Charlie And Holly- By Elie Sharp

It’s that strange time of the year again. It’s cold outside and my legs are aching. I’m laying by the big clear wall, hoping that the weak sunlight filtering through the clouds will warm my bones. I roll onto my back and stretch my paws into the air. Oh, what I wouldn’t give for a belly rub right now, but no one is home. My mum is at that mysterious place called “work,” and my dad said goodbye to me earlier this morning. He had seemed excited. If he had a tail, he certainly would have wagged it. I moved my head until I could see the tree that wasn’t a tree. It looked real, tall and bristle, but it smelled weird. It was covered in shiny trinkets and things that sparkled. I was also not allowed to pee on it. I learned that my first year. There were shimmery boxes under the not-tree. I had sniffed through them already, and a few of them smelled tasty.

I heard someone at the door and instinctively barked, scrambling to my paws. I ran as fast as my old bones would take me, my nails slipping and skidding on the floor. It was my dad, back from his adventure. He was carrying something. Something that caught my eyes. Something that hit my nose.

A puppy.

Dog. Doggo. Puppy. Friend. Dog!

My tail was so happy it wouldn’t stop wagging!

Doggo. Puppers. Dog. Friend!

I bark and bork and boof, trying to balance on my hind legs to I can sniff it better. It yips back at me, just as excited as I am. Who is this new friend? We are not in a park. Why is it here? Female, judging by its smell. Just as tiny as I was my first year.

“I had to pick her up early,” my peoples was saying. “Merry Christmas, Charlie!”

My dad put the puppers down and it instantly ran to tackle me. I was too big for her to knock over, so she decided to sniff my butt instead. We circled around each other, examining each other, smelling each other. She was a little thing with short, dark fur and floppy ears like mine. She smelled like dirt and other puppies. I sat down because I was getting dizzy and the puppy worked on crawling up my back. Her legs were so short and stumpy, she couldn’t quite make it. I laid down to make it easier on her.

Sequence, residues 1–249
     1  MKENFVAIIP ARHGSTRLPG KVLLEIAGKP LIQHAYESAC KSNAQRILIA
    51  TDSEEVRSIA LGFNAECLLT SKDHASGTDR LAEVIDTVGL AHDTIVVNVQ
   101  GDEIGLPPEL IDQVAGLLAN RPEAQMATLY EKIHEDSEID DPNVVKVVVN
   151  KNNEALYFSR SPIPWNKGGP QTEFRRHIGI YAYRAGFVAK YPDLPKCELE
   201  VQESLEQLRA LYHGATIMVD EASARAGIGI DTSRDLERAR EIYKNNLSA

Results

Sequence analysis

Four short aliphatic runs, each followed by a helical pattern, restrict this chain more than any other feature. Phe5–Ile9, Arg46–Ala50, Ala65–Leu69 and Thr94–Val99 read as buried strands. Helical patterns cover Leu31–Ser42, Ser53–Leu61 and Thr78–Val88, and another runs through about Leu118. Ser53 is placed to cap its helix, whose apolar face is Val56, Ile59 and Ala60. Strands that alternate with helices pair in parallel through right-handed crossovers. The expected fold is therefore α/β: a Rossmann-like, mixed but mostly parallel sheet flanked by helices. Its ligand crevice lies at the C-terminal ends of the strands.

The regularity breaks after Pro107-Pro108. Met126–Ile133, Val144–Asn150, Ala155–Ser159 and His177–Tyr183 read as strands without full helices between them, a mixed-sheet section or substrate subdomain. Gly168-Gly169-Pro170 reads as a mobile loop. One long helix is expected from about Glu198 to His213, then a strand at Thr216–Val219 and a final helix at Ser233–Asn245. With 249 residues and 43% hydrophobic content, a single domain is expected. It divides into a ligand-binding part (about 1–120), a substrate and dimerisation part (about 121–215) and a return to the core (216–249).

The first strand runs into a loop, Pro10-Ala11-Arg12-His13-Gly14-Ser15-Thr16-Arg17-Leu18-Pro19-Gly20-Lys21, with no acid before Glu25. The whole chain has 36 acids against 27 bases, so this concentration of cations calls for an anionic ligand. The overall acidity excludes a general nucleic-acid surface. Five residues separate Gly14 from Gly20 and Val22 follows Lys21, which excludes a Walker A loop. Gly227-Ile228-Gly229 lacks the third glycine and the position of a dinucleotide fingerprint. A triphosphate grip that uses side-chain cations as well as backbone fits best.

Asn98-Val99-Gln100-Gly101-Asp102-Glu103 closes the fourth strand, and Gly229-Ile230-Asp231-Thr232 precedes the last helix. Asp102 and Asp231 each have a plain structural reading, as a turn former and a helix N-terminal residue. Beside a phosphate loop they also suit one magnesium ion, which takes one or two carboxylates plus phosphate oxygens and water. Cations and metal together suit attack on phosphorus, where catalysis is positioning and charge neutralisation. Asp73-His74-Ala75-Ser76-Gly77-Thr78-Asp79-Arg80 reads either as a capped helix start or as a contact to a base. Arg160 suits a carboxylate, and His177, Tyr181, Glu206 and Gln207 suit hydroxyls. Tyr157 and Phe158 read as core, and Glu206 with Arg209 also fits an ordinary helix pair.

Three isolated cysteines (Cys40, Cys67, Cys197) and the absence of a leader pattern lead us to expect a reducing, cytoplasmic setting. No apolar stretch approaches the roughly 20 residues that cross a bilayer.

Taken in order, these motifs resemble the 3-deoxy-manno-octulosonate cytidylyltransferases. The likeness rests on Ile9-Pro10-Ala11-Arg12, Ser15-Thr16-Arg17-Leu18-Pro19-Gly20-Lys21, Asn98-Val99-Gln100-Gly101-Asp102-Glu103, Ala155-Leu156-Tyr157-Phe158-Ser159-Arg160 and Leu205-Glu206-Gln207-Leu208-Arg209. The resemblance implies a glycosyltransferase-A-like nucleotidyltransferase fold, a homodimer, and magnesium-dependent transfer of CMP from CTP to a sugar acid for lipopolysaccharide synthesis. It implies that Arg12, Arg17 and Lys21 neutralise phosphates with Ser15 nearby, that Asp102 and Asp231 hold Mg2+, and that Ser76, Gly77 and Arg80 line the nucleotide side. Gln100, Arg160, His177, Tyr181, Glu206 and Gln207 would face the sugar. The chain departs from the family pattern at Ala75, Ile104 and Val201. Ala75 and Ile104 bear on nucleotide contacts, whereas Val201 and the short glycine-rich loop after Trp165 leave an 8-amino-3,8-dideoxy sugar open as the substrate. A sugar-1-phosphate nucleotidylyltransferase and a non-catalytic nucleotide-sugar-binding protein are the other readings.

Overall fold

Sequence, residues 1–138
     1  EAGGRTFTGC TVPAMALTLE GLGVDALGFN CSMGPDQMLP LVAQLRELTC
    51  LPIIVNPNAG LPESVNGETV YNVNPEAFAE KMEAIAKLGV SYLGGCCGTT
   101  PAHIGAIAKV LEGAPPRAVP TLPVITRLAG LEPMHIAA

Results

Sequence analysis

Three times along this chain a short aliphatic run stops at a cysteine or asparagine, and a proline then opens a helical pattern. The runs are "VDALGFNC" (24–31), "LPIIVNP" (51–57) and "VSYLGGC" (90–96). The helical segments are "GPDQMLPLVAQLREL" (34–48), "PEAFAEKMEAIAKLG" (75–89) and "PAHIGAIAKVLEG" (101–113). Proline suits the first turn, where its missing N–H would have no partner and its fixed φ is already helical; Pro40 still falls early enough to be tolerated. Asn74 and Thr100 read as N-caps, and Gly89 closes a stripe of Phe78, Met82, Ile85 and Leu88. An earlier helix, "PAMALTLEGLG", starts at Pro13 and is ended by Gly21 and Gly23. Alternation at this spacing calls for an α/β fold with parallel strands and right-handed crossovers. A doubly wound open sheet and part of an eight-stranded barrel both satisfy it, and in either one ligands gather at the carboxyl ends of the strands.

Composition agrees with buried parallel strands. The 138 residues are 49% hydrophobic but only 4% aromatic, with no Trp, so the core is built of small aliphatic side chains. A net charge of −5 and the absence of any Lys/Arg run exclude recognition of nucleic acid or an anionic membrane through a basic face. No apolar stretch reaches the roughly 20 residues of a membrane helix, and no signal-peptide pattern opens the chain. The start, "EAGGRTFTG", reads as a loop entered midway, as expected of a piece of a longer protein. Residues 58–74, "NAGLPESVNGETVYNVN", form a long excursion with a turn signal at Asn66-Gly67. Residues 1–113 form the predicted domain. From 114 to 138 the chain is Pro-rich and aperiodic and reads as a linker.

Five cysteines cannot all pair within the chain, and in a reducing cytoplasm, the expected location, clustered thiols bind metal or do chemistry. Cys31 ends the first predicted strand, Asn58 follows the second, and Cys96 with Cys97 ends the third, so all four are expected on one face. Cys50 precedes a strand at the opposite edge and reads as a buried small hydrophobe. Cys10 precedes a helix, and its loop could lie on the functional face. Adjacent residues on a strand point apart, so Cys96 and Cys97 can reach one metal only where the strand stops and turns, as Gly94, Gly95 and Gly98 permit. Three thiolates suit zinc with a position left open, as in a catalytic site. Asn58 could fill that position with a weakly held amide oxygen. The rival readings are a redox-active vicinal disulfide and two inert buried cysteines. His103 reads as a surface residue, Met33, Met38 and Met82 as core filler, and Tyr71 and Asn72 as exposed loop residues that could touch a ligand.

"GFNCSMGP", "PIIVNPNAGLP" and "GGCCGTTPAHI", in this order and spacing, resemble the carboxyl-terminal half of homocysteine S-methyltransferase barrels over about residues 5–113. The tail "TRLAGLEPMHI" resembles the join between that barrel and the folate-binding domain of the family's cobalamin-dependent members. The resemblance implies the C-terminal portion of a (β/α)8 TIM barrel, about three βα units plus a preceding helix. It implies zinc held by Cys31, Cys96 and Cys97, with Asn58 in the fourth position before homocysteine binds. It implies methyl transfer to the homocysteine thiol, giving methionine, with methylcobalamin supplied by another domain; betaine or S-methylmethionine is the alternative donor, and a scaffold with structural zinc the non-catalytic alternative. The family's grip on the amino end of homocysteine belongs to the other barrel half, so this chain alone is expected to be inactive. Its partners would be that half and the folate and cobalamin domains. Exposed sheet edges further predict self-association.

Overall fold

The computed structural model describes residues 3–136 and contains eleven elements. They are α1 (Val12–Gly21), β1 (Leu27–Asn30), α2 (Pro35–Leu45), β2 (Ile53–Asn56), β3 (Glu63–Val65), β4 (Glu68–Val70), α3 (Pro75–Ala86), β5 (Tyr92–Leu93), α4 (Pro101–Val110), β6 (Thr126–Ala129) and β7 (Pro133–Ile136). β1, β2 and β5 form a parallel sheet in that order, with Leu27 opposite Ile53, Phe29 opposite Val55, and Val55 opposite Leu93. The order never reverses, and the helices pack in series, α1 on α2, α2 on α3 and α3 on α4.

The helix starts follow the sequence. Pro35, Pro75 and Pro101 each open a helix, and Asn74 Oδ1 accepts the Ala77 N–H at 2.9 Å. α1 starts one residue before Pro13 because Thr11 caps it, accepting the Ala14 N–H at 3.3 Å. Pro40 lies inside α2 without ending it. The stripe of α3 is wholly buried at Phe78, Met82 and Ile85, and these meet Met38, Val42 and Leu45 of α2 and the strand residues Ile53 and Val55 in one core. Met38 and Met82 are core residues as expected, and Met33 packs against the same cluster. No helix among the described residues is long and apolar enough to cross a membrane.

“What’s your name?” I asked as she gnawed on my ear.

“The big thing called me Holly,” she responded, her voice muffled by my ear.

“The big thing? You mean the peoples?”

“It’s called a peoples?”

“That’s what I call them. My name is Charlie.”

“I like you, Charlie.”

“This is called a not-tree,” I showed Holly the shiny thing that claimed to be a tree but really wasn’t.

“I love it!” She yipped, bouncing around the room like a rabbit in the park. She then dove straight into the low-hanging needles and the not-tree teetered precariously.

“No, you can’t do that!” I barked. I grabbed her collar in my mouth and dragged her out of the branches. Fortunately, my dad was in the food room and hadn’t noticed.

“Why not?” Holly asked as I sat her down.

“The peoples don’t like it when we play with the not-tree.”


“Because they’re silly.”

“What’s this?” She asked, her little legs flailing as she ran towards the clear wall. She couldn’t stop fast enough and slid, crashing into the wall. I caught up and sniffed her to make sure she was okay. She jumped to her paws and shook it off.

“I call this the clear wall. You can watch Outside from here.”

“Why can’t we just be Outside?”

“Outside is a special place that we can only go to when the peoples allow it.


“You ask a lot of questions.”

“I do?”

“I asked a lot of questions, too. Someday you will learn to accept things as they are and trust the peoples.”

I continued to show Holly around Home, answering her many, many questions as best I could. I kept waiting for her peoples to come and take her away. It’s not that I didn’t enjoy her company, it’s just that I wanted to meet her peoples. I like peoples. Occasionally we would stop and tussle because Holly likes to play. I would get tired and give her a warning nip, then we would rest for a minute before continuing Holly’s exploration of Home.

Eventually Holly got tired, so I showed her to Bed. Bed was too tall for her to get on, so we went to the not-tree instead. I circled once to get comfortable before slowly laying down. Holly flopped onto her side without any sense of grace. She was asleep in mere moments. I curled around her and rested my nose under her head. Her little paws were twitching as if she were running through a field. Soon, I began to drift off as well. Holly’s peoples never came, but I didn’t mind.

Just before I fell asleep, my dad walked in and saw us.

“I’m glad you love your new sister, Charlie. Happy Christmas!”



Lewisham, London, uk

  • Twitter Social Icon
  • Facebook Social Icon
  • Instagram Social Icon
  • YouTube Social  Icon

insurance policy


Public liability

injury to animal

Available in the following neighborhoods:

Lewisham ( and surrounding areas)


Hither Green



New Cross

Other areas considered